Each grain of sand consists of a tiny piece of a mineral, rock, coral, or shell. The forces of nature create sand through the erosion and weathering of rocks.
Over time, rivers chip small pieces off rocks. Freezing and thawing can also cause bits of rock to chip off. Beach sand can also be made up of small pieces of coral, bone, and shell, which are broken up by predators, such as sharks and whales, and then battered by the sea.
The composition of sand varies from place to place depending on the sources and conditions of the local rocks. The most common sand consists of particles of quartz and feldspar. Quartz sands are colorless or slightly pink, while feldspar sand has a slightly pinkish or amber color to it.
Black sands, such as those found on some beaches in Hawaii, consist of particles of obsidian, which is a volcanic glass formed by cooled lava. Coral sands are white or gray in color, while sands made of crushed shell fragments are typically light brown.
Sand has many modern uses. Woodworkers use sandpaper to smooth rough surfaces on wood. Construction workers mix sand with cement and water to make concrete. Window manufacturers need a lot of quartz sand, which is the main ingredient in glass. In some communities, road workers spread sand on icy roads in the winter to give vehicles’ tires more traction.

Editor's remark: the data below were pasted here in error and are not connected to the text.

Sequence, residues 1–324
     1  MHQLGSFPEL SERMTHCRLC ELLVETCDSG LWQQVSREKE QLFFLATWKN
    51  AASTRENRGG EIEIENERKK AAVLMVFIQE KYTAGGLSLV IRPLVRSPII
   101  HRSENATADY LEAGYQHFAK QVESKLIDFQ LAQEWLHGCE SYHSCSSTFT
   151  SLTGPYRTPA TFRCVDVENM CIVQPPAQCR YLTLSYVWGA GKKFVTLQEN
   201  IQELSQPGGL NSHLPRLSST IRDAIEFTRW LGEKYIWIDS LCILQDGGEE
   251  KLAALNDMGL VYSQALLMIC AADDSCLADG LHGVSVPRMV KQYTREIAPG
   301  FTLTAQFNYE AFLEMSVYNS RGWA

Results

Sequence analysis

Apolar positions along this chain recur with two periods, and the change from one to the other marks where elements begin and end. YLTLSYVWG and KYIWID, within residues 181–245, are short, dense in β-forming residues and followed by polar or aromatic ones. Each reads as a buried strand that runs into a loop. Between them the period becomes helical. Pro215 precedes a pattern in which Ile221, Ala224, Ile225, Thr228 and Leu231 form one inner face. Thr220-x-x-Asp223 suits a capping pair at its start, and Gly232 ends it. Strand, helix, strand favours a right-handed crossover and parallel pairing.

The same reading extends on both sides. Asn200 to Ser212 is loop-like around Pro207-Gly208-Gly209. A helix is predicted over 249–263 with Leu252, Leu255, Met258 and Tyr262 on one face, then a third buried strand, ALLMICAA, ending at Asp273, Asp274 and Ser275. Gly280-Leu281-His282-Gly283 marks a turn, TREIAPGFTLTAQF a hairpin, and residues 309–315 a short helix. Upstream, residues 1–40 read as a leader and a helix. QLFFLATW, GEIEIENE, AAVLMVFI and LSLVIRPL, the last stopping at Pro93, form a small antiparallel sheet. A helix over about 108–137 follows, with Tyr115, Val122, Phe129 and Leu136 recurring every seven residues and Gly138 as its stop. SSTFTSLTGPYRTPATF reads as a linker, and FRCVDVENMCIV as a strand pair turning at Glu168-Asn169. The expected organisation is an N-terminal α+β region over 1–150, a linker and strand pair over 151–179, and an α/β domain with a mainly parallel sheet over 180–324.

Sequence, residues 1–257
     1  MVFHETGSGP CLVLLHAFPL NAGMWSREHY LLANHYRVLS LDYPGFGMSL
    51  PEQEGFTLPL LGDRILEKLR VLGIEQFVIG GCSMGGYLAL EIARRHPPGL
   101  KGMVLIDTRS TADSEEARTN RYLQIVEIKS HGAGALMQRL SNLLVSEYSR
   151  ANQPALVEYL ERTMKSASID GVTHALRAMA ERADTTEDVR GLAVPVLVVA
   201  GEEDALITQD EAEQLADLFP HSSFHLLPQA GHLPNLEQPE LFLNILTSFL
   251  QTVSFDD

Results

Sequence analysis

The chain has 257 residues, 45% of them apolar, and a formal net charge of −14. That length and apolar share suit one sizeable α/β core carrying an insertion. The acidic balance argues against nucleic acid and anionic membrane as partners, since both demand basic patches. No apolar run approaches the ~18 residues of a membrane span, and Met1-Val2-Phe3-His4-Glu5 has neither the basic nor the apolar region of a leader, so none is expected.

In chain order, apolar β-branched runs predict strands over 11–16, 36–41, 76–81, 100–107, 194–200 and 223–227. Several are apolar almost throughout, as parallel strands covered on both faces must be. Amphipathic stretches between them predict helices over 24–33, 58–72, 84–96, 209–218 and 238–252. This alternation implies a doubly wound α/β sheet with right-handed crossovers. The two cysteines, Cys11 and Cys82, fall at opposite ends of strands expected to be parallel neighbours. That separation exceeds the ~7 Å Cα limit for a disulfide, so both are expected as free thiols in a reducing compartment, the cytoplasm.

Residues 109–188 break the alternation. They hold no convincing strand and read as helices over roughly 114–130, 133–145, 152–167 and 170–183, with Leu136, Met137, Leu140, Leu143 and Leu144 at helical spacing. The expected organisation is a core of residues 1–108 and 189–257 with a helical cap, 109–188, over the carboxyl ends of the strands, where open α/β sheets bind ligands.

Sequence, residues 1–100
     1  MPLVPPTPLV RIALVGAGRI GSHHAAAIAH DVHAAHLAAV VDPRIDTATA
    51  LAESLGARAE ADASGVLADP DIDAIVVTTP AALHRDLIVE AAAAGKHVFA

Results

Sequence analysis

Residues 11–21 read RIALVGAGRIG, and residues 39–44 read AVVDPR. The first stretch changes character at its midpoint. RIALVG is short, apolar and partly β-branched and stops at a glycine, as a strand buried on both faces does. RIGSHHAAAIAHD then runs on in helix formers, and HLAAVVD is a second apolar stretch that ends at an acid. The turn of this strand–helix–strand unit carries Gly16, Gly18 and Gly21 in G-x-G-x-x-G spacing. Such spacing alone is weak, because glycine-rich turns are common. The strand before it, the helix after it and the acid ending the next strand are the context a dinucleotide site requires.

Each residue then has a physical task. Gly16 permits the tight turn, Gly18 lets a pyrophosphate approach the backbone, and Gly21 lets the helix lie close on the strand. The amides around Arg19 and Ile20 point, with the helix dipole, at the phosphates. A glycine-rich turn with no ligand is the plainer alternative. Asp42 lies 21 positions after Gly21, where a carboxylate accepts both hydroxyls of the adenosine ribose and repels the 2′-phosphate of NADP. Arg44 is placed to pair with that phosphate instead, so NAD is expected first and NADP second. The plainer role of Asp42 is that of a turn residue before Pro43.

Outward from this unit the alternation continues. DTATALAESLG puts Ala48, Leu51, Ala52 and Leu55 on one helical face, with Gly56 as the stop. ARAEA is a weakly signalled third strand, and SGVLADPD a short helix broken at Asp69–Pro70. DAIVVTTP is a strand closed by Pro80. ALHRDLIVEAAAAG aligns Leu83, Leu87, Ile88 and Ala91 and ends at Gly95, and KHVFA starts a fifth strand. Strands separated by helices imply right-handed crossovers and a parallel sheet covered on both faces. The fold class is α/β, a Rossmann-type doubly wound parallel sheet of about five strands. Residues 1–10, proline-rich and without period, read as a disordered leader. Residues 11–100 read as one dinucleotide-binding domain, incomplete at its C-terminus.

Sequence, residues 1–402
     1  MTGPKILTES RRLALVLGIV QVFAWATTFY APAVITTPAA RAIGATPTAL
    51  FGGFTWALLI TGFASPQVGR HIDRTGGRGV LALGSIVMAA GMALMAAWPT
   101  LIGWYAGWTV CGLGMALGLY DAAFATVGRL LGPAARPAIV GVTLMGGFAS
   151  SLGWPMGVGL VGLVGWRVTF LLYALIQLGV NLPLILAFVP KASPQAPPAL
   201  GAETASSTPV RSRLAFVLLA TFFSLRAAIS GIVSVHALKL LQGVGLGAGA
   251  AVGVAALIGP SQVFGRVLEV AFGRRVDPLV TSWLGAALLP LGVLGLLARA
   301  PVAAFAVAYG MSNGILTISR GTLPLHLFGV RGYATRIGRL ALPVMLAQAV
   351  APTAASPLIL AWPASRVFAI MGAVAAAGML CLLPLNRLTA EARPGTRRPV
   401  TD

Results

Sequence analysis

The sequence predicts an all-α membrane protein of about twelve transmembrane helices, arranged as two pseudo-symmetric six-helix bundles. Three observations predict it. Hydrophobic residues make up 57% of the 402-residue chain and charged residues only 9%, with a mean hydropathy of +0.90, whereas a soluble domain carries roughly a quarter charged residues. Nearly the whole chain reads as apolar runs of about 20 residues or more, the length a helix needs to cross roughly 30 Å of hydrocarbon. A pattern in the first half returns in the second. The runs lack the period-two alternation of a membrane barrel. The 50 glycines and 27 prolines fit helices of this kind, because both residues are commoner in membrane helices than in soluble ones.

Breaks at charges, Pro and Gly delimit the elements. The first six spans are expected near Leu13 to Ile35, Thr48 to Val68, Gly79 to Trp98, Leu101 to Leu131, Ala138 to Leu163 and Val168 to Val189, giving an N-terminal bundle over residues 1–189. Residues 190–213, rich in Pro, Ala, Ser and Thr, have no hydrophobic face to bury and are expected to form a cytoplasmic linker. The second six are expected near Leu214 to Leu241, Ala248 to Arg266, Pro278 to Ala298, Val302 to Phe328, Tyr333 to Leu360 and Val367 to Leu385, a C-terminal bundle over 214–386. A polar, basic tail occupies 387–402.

Someone who collects sand is called an “arenophile.”
“Singing” sand produces a tone when walked on or blown around by the wind due to the friction caused between the grains of its unique crystalline structure.
If you ever find yourself enjoying the beaches of Namibia in southern Africa, keep your eyes open. If you see something shiny, it could be a diamond!